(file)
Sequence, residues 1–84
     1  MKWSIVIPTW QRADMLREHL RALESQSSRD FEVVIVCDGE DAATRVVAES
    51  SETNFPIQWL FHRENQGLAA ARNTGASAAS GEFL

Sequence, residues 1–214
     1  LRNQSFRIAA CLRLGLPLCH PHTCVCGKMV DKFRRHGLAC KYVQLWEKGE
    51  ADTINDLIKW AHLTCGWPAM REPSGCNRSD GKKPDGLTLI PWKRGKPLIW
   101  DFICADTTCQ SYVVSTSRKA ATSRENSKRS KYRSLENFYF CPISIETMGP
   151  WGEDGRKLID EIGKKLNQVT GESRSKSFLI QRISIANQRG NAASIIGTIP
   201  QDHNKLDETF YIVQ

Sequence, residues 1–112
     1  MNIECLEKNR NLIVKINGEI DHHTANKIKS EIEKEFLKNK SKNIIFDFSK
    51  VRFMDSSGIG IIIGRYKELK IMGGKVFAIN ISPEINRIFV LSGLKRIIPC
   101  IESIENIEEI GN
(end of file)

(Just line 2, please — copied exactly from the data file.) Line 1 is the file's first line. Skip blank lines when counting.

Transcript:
     1  MKWSIVIPTW QRADMLREHL RALESQSSRD FEVVIVCDGE DAATRVVAES